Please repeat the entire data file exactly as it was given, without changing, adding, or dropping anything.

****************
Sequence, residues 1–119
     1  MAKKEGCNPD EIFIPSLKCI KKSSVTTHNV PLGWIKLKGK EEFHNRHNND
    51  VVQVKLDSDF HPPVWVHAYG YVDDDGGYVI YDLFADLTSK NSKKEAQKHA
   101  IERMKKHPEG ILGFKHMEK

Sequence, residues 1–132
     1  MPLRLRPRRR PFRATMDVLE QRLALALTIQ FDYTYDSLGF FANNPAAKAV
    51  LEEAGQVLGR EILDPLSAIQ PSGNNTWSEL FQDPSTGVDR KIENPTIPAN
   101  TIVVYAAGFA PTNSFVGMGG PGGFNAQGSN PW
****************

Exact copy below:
Sequence, residues 1–119
     1  MAKKEGCNPD EIFIPSLKCI KKSSVTTHNV PLGWIKLKGK EEFHNRHNND
    51  VVQVKLDSDF HPPVWVHAYG YVDDDGGYVI YDLFADLTSK NSKKEAQKHA
   101  IERMKKHPEG ILGFKHMEK

Sequence, residues 1–132
     1  MPLRLRPRRR PFRATMDVLE QRLALALTIQ FDYTYDSLGF FANNPAAKAV
    51  LEEAGQVLGR EILDPLSAIQ PSGNNTWSEL FQDPSTGVDR KIENPTIPAN
   101  TIVVYAAGFA PTNSFVGMGG PGGFNAQGSN PW